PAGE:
Clinton keeps narrow advantage in battleground states, leads in Pennsylvania and North Carolina

William JordanUS Elections Editor
September 04, 2016, 9:28 AM GMT+0

The latest wave of the YouGov/CBS News 2016 Battleground Tracker polled likely voters in Pennsylvania and North Carolina, as well as a sample of 13 Battleground states

As the election reaches its final stages Democrat Hillary Clinton holds an eight-point lead in Pennsylvania, a state that could prove essential for Republican Donald Trump’s efforts to reach 270 electoral votes. In North Carolina, however, the two presidential rivals are separated by only four points, and a survey of 13 battleground states as a group also finds a tighter race.

In Pennsylvania, Hillary Clinton garners 45% while Trump has 37% support. Third-party candidates remain mired in the single digits – Libertarian Gary Johnson at 6% and the Green Party's Jill Stein at 2% – with another 6% undecided. While Trump has a narrow seven-point lead among Pennsylvania whites, Clinton is ahead among African Americans by 86-3. Clinton also wins a larger share of Democrats (83%) than Trump manages with Republicans (75%).

Clinton’s larger leads in battleground states like Virginia and Colorado have suggested Pennsylvania, along with Ohio and Florida, might provide Trump with a viable route to 270 electoral votes. However, Clinton's 8-point lead in the Keystone State indicates it might not be a realistic target for the Trump campaign unless the national race tightens. This is the first time the YouGov/CBS News 2016 Battleground Tracker has polled likely voters in Pennsylvania on the general election.

North Carolina also shows a closer race, with Hillary Clinton at 46% and Donald Trump at 42%. Johnson garners only 4% support in North Carolina, Stein 2%. YouGov last polled likely voters in North Carolina in June, when Clinton led by two points, 44% to 42%.

While losing North Carolina could prove fatal for Donald Trump’s chances, it is likely to be more of a bonus for Clinton. Barack Obama won in the Tar Heel State in 2008 but lost in 2012, and in both elections he won over 300 electoral votes.

Yet a survey across 13 battleground states suggests the race may still be up for grabs. Among likely voters Hillary Clinton leads Donald Trump by only two points, 42% to 40%. 7% go for Gary Johnson and again 2% for Jill Stein. The states included in the poll are Arizona, Colorado, Florida, Georgia, Iowa, Michigan, North Carolina, New Hampshire, Nevada, Ohio, Pennsylvania, Virginia and Wisconsin. Following the Democratic National Convention, Hillary Clinton led Donald Trump by 43% to 41% among a smaller list of 11 states (not including Arizona and Georgia).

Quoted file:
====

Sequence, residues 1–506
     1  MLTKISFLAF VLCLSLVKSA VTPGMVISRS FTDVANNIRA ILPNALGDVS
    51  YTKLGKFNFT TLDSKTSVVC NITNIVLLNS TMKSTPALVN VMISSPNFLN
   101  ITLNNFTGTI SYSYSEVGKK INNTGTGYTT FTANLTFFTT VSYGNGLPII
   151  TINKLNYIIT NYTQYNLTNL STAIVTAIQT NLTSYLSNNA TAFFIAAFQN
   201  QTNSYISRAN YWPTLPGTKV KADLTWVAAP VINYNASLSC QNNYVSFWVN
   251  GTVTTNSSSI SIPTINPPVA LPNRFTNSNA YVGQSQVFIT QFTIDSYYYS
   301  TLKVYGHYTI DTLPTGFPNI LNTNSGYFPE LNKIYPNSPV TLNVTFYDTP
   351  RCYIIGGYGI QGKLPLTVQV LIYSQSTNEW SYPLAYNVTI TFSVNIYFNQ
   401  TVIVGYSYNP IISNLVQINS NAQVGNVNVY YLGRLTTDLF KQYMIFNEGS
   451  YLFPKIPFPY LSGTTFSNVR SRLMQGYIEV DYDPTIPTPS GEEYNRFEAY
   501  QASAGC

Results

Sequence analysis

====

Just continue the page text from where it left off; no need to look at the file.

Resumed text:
Senate races

YouGov also polled on competitive Senate races in Pennsylvania and North Carolina, both involving Republican incumbents.

In Pennsylvania, Democrat Kathy McGinty is tied with Sen. Pat Toomey at 39% among likely voters. Fully 20% remain undecided. Worrying for Toomey, he earns only 1% support among African-Americans in the state, against McGinty's 69%, while 30% are still in the undecided column.

In North Carolina, Democrat Deborah Ross has 41% support, giving her a nominal one-point lead over Sen. Richard Burr who is at 40%, with 17% undecided. Ross has a narrow lead among women and 71-point lead among African-Americans in the state.

In both cases the Republican candidates run ahead of Donald Trump, at least in terms of the margins. 72% of likely voters in Pennsylvania say Toomey is a “different kind of Republican” from Donald Trump, while 66% in North Carolina say the same for Burr.

Interviews were conducted August 30-September 2 2016 for the CBS News 2016 Battleground Tracker. A detailed description of the methodology used to carry out the surveys can be found here. An initial version of this article listed 11 states in the multi-state survey. The correct number is 13 for the latest wave.

See additional questions and demographic breakdowns for Pennsylvania, North Carolina, and the 13-state Battleground survey.